National Park, New Jersey, Reached for the Gold Ring

The Whitall House in National Park, New Jersey, is a house museum associated with Red Bank Battlefield Park. Photo by Sites of NJ via Flickr.

National Park, New Jersey is not a national park, nor is it even associated with one. This little town on the Delaware River got its interesting name because its founding fathers dreamed of bigger things.

Back in 1895 the Methodist Episcopal Church established a religious resort on the Delaware River in Gloucester County, New Jersey, not far from Philadelphia. The little community, which was originally meant to function as a retreat site and meeting place for church members, was named National Park on the Delaware.

When the New Jersey legislature chartered the town (borough, that is) in 1905, the name was shortened to National Park. It has remained National Park for 104 years, even though no national park has ever been established there.

Actually, there is no mystery to the name. The community was established at the site of historic Fort Mercer, and its founders believed that this historic site might someday be deemed important enough to be preserved as a national park. In hopes of generating buzz and speeding the process along, the founders of the town-to-be decided to incorporate National Park into the community’s name. Today we might say that this was a case of community boosterism on steroids.

Fort Mercer was one of two forts that the Continental Army built in 1777 on opposite sides of the Delaware River just south of Philadelphia to prevent the British from using that vital waterway to communicate with and reinforce the British troops that then occupied Philadelphia. Named in honor of Brig. General Hugh Mercer, who had been killed at the Battle of Princeton, little Fort Mercer gained instant glory on October 22, 1777, when its 400 defenders repelled and badly mauled a considerably larger British force (consisting mostly of Hessian mercenaries) that had been sent out from Philadelphia.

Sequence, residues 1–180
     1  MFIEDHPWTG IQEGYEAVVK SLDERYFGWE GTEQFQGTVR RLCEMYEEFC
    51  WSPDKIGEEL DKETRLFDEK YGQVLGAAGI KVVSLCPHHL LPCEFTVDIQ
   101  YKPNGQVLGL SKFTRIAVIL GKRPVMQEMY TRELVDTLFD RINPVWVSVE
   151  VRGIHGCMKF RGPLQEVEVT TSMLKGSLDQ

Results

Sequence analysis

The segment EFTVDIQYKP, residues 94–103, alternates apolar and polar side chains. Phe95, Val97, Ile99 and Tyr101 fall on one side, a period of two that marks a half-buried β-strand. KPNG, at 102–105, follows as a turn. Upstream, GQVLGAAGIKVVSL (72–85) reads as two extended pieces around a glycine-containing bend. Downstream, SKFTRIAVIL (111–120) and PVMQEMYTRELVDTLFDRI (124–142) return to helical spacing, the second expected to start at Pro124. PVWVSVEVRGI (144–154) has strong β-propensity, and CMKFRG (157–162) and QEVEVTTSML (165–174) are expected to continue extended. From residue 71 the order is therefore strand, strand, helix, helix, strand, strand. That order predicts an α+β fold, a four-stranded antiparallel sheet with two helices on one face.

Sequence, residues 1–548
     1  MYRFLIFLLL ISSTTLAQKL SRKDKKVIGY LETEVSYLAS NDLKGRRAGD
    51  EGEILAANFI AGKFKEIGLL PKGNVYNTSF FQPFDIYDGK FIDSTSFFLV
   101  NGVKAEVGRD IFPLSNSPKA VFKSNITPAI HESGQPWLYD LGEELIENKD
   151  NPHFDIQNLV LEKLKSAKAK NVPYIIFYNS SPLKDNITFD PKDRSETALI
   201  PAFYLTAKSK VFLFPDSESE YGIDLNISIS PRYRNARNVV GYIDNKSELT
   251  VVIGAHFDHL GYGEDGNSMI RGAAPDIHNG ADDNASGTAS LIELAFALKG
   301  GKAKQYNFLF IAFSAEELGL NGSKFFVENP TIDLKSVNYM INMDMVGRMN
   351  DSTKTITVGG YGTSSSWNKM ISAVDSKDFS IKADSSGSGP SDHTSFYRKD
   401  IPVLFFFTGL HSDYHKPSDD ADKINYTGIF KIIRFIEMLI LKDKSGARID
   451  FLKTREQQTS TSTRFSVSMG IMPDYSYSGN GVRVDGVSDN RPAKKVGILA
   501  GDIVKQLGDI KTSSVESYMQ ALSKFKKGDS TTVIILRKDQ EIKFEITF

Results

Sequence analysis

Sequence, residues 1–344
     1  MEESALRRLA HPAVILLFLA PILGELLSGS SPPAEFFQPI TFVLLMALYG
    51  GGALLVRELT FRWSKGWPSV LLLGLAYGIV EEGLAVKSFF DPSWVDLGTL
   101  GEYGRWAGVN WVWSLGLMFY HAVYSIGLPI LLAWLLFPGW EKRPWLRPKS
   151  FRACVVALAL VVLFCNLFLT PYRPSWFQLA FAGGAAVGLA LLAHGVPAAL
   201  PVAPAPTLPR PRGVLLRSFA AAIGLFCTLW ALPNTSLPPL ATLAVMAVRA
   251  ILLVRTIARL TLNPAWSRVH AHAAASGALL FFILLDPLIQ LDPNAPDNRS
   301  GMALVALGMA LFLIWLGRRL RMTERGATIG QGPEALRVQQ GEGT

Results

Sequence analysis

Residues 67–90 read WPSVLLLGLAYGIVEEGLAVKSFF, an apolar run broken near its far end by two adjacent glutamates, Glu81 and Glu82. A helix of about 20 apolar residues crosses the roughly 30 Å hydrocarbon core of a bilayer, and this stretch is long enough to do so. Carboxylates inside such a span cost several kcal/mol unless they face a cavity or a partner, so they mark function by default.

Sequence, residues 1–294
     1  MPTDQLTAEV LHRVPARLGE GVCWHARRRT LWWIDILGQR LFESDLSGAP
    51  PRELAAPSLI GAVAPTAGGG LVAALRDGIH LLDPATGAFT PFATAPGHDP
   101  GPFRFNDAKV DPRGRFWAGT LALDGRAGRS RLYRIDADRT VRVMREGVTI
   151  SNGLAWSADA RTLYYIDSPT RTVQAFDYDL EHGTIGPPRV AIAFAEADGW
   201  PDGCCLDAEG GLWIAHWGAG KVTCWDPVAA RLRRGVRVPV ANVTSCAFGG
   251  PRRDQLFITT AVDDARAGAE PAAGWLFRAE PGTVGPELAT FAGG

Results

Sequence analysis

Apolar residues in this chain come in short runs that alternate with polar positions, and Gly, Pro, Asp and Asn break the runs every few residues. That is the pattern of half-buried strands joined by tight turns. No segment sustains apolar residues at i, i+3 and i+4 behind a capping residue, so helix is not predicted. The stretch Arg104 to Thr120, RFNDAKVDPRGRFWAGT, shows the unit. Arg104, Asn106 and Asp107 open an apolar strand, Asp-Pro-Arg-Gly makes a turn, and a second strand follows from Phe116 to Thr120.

Alas, except for providing a badly-needed morale boost, this Continental victory (which came to be called the Battle of Red Bank) went pretty much for naught. The Continentals abandoned the fort without a flight less than a month later. This decision was actually a no-brainer. Fort Mifflin, Fort Mercer’s companion stronghold on the Pennsylvania side of the Delaware, had been lost after the British got smart and executed a much-better planned attack than the one they had launched at Fort Mercer. A strong British force had also landed at nearby Cooper’s Ferry and was getting ready to attack Fort Mercer.

Proposals to establish a national park focused on the Fort Mercer site never got any real traction. If you visit National Park today, you will find the site of historic Fort Mercer occupied only by the small (less than 50 acres) Red Bank Battlefield Park, a 75-foot monument erected over a century ago, and an historic house museum (the 18th-century James & Ann Whitall House). Though the park is federally owned, it is administered by the Gloucester County Board of Chosen Freeholders. The Whitall House is administered by Gloucester County, except for two rooms under the care of the Ann Whitall Chapter, Daughters of the American Revolution.

Postscript: Every once in a while, a cartographer making a map that shows parks, natural areas, and preserves will mistakenly put a national park symbol atop the location of National Park, New Jersey. If you look carefully at enough maps of this type, you’ll eventually spot one of these boo-boos yourself.